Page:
There is an urgent need for a HIV-1 vaccine. A better understanding of the immune parameters present during natural HIV-1 exposure might inform vaccine design. Semen - an overlooked factor in models of HIV-1 infection - not only acts as a vehicle for HIV-1 transmission, but might also initiate or attenuate anti-viral immune responses at the mucosal site of exposure. We have previously demonstrated seminal plasma (SP) to potently inhibit anti-viral NK cell and cytotoxic T-lymphocyte responses in vitro. In addition to inhibitory factors, SP from HIV-1-infected donors contain anti-HIV-1 antibodies. We now present data characterizing anti-HIV-1 antibodies within semen from paired samples obtained prior to and following initiation of antiretroviral therapy (ART).
Matched serum and SP samples were collected from 11 HIV-1-infected donors at pre- and during-ART time points. These samples were assessed by end-point titer ELISAs for anti-gp120 IgG. Both serum and SP samples collected after greater than six months of ART exhibited a non-significant decrease in levels of anti-gp120 antibodies, compared to pre-ART samples [median 2.0 log10 vs 2.5 log10, p=0.218, n=8]. Furthermore, we observed no significant differences in NK cell IFNγ production following stimulation with gp120-coated T cells in the presence of purified IgG from pre-ART or during-ART SP samples [2.85% (15.04–0.17) vs 4.57% (14.33–0.23), p=0.465, n=11]. Lastly, we noted that antibodies capable of mediating antibody-dependent cellular cytoxicity within serum and SP targeted similar gp120 epitopes. Pre-incubation of gp120-coated T cells with a FAb of an anti-HIV-1 antibody directed to a CD4-induced epitope within gp120 inhibited anti-HIV-1 antibody-dependent NK cell activation by sera and SP-derived IgG [median 70.0% inhibition, p=0.0039, n=9].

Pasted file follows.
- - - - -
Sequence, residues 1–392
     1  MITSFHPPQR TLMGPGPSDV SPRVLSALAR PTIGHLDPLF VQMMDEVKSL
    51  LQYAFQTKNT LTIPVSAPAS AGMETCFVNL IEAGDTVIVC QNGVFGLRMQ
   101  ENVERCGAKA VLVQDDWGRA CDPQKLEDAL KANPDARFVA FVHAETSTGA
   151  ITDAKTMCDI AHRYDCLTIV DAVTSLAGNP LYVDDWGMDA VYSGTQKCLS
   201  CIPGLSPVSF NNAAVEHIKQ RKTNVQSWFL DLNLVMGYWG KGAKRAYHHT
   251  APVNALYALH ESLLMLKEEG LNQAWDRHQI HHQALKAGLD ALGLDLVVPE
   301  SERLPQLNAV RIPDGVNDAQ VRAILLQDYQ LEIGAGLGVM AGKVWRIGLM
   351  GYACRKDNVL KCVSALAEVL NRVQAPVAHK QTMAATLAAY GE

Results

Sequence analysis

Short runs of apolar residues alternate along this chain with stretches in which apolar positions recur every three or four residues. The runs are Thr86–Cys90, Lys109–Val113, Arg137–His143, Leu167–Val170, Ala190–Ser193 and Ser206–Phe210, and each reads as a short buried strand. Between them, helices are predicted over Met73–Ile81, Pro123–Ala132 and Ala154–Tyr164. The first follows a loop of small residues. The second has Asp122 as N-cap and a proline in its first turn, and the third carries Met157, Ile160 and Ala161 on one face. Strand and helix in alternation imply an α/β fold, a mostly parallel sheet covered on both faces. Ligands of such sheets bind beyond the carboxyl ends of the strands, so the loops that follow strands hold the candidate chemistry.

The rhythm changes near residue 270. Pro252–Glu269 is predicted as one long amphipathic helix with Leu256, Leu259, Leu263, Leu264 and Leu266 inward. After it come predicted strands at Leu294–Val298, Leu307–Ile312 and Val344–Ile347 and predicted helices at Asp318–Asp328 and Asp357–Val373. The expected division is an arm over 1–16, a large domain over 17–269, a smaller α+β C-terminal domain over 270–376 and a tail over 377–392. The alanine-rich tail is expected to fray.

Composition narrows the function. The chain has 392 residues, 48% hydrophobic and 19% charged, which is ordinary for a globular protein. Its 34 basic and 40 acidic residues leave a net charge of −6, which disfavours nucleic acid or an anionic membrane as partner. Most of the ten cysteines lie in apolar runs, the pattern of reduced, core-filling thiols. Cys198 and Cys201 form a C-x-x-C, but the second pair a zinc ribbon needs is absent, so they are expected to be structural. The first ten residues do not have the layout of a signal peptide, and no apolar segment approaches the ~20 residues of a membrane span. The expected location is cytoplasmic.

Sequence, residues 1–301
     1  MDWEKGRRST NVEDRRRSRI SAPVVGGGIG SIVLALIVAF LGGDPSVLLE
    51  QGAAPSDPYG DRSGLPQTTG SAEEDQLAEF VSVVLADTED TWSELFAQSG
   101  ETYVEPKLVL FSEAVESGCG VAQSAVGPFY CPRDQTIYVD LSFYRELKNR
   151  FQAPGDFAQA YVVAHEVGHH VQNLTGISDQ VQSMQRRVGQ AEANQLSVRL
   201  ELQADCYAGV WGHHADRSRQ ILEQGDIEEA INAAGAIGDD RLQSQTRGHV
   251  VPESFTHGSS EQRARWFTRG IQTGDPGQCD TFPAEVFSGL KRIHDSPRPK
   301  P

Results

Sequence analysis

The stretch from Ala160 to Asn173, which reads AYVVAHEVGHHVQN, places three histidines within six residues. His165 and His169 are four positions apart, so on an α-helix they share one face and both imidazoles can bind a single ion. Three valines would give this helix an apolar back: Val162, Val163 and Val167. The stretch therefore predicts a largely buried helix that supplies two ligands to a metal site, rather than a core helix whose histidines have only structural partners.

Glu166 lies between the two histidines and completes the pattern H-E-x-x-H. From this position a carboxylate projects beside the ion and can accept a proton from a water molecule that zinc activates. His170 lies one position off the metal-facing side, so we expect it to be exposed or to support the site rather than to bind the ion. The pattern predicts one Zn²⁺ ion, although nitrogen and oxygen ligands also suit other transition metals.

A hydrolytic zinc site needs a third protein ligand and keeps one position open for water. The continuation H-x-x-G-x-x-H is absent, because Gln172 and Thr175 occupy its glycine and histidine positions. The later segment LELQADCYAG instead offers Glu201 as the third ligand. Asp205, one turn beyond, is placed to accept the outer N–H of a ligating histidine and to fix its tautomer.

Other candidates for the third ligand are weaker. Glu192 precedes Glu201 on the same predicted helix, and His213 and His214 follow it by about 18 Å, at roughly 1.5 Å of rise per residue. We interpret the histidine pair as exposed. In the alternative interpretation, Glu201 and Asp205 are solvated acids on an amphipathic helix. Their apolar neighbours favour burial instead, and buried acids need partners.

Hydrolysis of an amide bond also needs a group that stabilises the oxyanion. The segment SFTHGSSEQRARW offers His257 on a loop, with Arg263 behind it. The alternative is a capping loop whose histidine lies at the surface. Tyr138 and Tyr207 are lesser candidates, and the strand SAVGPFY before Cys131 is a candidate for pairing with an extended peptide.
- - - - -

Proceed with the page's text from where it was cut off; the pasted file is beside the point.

Our findings highlight the presence of functional anti-HIV-1- antibodies within SP that target similar epitopes on gp120 as sera antibodies. Future research should investigate the role these anti-HIV-1 seminal antibodies play during mucosal HIV-1 transmission.